Alpha-fetoprotein Levels After Treatment for Testicular Cancer

John Han-Chih Chang, MD
Ultima Vez Modificado: 1 de noviembre del 2001

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Question
Dear OncoLink "Ask the Experts,"
Our 24 year old son has stage I non-seminomatous testicular cancer. Part of the follow-up is a check on the alpha-fetoprotein (AFP) in the blood every two weeks. The AFP is considered a marker for this type of cancer. We have not been able to pinpoint the acceptable level of AFP. To add to the confusion, our hospital reports normal levels are 6 or less, while another has a 10 or less. Further adding to the confusion, we have read on another site that a normal level in healthy human being can vary from 0 to 25. His AFP has dropped from a high of 120 pretreatment, to 3.8 in mid-July after one testis was removed in late-April. The problem is that the AFP has been going up ever since with his current level of 7.1 as of late September. CT scans, so far, have been OK.

Thank you for taking this matter in consideration.  
Sincerely,
D.G.


Answer
John Han-Chih Chang, MD, OncoLink Editorial Assistant, responds:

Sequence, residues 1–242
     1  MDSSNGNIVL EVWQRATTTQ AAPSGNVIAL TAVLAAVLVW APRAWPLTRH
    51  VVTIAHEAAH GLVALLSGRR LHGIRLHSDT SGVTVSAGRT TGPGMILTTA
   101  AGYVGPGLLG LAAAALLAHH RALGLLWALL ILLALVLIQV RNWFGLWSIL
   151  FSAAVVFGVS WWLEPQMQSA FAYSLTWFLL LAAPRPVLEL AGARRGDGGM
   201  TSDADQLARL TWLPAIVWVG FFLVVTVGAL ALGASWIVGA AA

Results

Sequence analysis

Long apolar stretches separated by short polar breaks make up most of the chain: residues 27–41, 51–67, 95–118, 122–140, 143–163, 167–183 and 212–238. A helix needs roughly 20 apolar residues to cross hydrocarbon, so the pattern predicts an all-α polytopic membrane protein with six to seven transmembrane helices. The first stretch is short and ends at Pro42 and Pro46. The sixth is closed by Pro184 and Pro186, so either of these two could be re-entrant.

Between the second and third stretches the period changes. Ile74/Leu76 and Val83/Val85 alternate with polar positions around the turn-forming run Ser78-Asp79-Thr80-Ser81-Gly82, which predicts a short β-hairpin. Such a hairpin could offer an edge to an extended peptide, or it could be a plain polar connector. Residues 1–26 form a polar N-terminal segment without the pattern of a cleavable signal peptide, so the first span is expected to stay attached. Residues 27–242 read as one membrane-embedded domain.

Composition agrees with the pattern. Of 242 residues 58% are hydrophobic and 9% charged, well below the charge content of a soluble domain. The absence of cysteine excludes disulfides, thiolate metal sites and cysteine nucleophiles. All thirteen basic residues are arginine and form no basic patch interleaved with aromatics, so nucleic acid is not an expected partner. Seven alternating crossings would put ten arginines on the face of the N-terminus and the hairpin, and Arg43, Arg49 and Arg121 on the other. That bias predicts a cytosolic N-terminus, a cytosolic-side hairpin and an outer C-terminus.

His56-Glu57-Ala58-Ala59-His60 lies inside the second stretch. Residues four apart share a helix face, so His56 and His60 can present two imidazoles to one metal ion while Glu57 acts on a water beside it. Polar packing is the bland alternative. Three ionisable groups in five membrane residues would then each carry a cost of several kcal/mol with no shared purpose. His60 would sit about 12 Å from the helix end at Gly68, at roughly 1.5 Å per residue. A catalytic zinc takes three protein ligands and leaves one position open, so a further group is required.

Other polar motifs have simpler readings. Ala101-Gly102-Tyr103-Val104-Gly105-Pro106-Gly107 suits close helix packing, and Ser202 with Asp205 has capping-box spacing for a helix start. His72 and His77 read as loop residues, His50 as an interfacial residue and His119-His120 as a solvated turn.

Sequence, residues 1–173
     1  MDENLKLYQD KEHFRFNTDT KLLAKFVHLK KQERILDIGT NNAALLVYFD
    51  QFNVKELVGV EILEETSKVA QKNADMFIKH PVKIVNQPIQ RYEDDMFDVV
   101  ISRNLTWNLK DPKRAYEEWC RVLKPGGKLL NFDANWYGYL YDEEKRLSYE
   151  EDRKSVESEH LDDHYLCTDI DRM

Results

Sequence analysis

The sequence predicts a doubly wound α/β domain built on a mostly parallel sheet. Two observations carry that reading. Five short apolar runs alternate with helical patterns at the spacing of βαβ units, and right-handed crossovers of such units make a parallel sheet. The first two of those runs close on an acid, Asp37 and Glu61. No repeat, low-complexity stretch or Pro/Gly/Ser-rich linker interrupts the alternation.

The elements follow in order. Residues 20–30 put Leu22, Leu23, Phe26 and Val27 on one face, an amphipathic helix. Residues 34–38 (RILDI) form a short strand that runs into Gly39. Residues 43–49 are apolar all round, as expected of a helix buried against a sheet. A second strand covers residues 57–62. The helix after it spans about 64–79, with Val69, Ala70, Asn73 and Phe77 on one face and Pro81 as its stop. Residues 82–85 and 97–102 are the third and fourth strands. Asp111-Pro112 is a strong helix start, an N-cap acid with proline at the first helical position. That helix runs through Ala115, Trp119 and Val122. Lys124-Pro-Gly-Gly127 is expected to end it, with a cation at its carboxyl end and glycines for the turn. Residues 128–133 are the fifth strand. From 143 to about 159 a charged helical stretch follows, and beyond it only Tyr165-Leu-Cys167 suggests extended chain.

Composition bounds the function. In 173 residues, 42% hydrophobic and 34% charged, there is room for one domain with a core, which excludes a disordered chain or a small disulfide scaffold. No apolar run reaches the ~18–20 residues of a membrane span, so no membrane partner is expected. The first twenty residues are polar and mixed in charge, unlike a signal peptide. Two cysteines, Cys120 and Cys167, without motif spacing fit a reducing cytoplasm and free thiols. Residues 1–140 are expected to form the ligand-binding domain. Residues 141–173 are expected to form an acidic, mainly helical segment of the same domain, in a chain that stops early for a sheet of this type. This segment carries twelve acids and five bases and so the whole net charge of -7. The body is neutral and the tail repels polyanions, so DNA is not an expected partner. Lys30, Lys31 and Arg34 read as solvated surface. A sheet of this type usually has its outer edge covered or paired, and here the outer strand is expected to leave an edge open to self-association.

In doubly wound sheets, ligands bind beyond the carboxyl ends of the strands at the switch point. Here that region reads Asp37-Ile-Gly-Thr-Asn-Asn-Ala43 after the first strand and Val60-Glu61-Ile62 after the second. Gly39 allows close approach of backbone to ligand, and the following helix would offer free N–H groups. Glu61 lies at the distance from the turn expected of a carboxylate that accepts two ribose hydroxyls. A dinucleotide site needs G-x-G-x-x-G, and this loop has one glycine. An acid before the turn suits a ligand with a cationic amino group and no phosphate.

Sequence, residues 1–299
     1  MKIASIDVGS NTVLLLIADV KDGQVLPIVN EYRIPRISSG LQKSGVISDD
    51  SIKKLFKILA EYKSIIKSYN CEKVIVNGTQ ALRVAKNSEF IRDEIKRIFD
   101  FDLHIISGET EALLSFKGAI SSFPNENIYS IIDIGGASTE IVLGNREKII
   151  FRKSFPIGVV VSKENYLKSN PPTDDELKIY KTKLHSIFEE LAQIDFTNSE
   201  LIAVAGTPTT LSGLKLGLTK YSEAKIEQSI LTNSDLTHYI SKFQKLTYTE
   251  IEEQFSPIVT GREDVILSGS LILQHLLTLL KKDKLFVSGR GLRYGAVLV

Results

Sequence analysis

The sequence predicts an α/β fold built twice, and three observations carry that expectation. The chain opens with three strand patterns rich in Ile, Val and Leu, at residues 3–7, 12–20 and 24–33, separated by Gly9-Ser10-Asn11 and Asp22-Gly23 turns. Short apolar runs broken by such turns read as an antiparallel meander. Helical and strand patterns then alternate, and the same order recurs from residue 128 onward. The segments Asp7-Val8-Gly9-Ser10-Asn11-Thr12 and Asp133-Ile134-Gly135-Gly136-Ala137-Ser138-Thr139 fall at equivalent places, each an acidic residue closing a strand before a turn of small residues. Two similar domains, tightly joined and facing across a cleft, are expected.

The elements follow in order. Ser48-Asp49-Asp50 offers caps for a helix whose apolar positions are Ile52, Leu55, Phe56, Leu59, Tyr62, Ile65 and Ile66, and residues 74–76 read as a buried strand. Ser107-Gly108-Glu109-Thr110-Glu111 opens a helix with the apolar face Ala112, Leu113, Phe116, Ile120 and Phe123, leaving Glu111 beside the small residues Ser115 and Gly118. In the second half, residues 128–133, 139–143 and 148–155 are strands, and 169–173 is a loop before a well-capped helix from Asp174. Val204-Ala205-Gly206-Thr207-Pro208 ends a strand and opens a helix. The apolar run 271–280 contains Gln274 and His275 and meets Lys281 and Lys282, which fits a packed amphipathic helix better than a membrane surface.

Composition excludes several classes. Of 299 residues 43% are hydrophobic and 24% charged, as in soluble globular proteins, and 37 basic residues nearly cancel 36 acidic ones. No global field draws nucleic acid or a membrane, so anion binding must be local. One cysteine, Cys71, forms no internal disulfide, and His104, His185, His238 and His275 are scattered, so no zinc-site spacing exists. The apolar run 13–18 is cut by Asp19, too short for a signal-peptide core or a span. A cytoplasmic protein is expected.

Dear D.G.,
Thank you for you question and interest.

Alpha-fetoprotein (AFP) is a tumor marker for non-seminomatous testicular cancer. Beta-human chorionic gonadotropin (ß -HCG) is also a known marker for this malignant entity. AFP is a glyocoprotein produced in the fetal yolk sac, liver and gastrointestinal tract. It is elevated in about 70% of non-seminomatous testicular cancer. It has a half-life of five days in the blood. Normal levels can vary. You must inquire about the normal levels for your hospital or oncologist, since each laboratory may be different in assessing the blood levels of AFP. If, as you seem to have stated, 6 is the upper limit of normal, the level of 7.1 is concerning.

Please discuss these issues with your son's oncologists or cancer team. They may recommend further imaging studies or prophylactic treatment with radiation or chemotherapy.


News
Platinum Treatment for Testicular Cancer Ups Neurotoxicity

Dec 27, 2011 - Long-term serum levels of residual platinum correlate with the severity of neurotoxicity five to 20 years after chemotherapy in testicular cancer survivors, even after adjusting for initial cisplatin dose, according to a study published online Dec. 19 in the Journal of Clinical Oncology.



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